October 02, 2015 - 10:05 AM
Voting is only a very small part of democracy. The ability for groups to gather together to hear different viewpoints, discuss ideas, and raise concerns is another important part. It will never be that every single person in a community agrees with a decision, but having dialogue increases the chance of shared understanding and agreement of what the best options are.
The City of Kamloops has been getting better and better and civic dialogue, no small part because of Councillor Arjun Singh who championed more public engagement.
This week for example, 500 plus people showed up for a chance to give Kamloops City Council questions to ask to KGHM about its proposed mine. Some in the audience supported the mine, others opposed, and it was obvious by the questions which were asked. That so many people cared enough to go to the meeting says a lot about how important this issue is to people in Kamloops, whether they agree with the proposed mine or not.
While some meetings in Kamloops are organized by City Hall, others are by special interest groups.
For example, about 40 people attended a public meeting last weekend organized by the Kamloops Voters Society about the proposed performing arts centre. They came to get answers to questions, voice their concerns and give their support.
Across Kamloops, every morning, old people, mostly men, gather at coffee shops to discuss the ways of the world. They talk about many things, but chief among them is politics. I’ve heard that they are talking about the proposed new performing arts centre right now. There are grumblings that it will cost too much, that the wrong people (as in not them) will benefit, and that the centre will be under-utilized. I’ve heard they talk about the proposed mine too, and how it is or isn’t different than the mines that were around Kamloops in the past and are adjacent to Kamloops now. Whatever their opinions, what’s most important is that they have a chance to talk to others about what they’re thinking.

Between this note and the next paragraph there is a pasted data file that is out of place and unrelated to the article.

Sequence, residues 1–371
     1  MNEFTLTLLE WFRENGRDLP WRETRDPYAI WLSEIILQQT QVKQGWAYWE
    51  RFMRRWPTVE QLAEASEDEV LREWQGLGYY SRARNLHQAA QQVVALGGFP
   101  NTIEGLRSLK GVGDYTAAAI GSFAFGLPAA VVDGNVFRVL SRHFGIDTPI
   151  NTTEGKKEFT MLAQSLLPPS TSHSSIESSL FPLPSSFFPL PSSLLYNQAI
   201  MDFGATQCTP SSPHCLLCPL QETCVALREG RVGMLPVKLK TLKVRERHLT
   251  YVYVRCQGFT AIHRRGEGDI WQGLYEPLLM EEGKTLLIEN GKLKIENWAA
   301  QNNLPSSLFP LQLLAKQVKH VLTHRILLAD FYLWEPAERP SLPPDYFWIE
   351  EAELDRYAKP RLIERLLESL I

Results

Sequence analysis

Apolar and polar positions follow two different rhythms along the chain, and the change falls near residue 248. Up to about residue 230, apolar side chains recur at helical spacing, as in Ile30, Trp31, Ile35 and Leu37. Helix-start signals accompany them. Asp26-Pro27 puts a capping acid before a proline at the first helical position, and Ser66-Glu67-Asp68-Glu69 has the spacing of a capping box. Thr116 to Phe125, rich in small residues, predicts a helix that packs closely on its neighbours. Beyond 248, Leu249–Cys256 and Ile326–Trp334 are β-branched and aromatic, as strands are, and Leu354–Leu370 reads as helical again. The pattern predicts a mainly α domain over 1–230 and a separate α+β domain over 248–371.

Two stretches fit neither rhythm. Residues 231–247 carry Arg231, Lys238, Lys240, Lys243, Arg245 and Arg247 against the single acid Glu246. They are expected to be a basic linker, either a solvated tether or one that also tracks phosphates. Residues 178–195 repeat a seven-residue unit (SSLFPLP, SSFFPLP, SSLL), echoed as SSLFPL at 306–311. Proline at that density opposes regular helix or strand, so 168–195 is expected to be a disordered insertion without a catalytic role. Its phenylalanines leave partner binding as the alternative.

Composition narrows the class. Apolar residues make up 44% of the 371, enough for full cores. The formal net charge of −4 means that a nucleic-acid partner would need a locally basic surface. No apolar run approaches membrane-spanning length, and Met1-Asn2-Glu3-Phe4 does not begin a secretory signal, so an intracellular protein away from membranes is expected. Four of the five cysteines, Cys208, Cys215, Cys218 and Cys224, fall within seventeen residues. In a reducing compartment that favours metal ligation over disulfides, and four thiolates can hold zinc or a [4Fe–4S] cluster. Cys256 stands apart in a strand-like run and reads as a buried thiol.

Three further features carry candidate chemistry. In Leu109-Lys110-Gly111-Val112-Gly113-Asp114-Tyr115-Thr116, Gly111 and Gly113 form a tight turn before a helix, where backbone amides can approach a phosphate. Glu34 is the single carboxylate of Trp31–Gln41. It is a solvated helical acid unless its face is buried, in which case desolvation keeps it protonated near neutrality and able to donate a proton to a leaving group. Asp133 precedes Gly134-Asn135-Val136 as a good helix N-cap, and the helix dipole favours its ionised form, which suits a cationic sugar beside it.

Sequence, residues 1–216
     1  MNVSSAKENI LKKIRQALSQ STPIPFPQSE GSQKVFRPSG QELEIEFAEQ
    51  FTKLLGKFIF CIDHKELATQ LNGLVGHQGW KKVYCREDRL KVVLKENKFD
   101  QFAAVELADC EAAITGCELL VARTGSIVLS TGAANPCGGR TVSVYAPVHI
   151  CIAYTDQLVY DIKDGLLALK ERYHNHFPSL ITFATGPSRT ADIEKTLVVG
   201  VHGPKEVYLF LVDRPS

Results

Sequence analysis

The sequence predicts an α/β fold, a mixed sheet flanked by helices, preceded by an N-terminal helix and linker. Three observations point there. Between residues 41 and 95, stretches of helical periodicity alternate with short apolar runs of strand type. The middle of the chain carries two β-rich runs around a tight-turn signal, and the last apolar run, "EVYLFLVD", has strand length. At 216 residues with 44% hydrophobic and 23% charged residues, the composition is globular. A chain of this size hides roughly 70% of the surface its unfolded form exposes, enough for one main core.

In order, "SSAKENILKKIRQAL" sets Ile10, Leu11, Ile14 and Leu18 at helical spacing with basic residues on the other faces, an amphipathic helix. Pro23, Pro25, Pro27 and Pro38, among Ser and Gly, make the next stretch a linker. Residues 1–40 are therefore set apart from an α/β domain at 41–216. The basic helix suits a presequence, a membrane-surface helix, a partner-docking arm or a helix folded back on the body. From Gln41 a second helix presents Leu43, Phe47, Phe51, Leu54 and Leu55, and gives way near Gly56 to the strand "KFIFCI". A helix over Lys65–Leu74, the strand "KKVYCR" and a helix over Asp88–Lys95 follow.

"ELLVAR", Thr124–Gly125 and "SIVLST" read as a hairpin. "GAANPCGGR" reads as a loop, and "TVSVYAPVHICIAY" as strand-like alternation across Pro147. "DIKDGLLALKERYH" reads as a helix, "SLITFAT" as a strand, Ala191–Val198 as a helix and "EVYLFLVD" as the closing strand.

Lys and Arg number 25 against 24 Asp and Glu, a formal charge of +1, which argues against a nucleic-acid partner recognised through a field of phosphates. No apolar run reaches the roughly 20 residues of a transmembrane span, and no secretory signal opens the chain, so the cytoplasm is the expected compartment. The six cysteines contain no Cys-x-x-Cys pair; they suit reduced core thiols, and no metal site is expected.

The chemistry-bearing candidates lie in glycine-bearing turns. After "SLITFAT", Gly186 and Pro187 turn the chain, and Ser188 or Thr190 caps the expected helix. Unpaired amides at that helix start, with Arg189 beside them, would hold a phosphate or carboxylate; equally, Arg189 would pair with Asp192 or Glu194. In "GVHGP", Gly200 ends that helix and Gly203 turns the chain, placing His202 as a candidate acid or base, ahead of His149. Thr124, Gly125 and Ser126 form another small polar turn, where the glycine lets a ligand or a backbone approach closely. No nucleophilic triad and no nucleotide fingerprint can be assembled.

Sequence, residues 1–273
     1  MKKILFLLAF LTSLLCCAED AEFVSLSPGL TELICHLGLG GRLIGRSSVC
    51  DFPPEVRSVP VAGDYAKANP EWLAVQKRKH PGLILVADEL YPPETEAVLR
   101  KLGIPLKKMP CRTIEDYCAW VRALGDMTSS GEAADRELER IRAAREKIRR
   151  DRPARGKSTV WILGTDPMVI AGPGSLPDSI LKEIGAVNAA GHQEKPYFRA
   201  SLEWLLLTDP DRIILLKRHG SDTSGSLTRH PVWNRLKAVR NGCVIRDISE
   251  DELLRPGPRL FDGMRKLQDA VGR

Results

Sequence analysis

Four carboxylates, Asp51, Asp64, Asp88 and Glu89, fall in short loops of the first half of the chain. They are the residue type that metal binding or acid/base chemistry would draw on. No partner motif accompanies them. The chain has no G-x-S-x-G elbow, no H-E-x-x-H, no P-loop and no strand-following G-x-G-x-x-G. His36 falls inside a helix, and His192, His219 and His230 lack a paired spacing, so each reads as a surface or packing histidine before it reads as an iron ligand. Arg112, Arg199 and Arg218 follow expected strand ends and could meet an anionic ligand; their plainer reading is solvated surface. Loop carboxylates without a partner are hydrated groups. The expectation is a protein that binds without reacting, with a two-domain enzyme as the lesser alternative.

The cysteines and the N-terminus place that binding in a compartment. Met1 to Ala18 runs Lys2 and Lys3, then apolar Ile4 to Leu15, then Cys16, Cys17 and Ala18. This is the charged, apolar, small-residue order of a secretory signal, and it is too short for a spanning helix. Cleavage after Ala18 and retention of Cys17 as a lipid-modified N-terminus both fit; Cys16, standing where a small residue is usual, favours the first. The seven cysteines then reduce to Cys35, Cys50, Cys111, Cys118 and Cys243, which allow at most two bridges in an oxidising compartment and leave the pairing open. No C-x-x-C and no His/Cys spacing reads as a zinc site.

Whether a meeting organized by City Hall, a special interest group or a coffee klatch, being about to share ideas makes our community stronger. It strengthens our democracy.
Which is why it is too bad that throughout this election Conservative candidate Cathy McLeod has avoided debates and public meetings. For example, she missed the first debate of the campaign at the farmers market and the recent debate at Sahali Secondary School.
There is just over two weeks left before the Oct. 19 federal election. Mulcair, Harper, Trudeau, May and Duceppe will have plenty of air time. But what matters in Kamloops is making a decision on NDP Sundhu, Conservative McLeod, Liberal Powrie and Green Party Greenwood. Here’s hoping that all the candidates show up at all the meetings between now and election day.
Because voting is just the last step.
News from © InfoTel News Ltd, 2015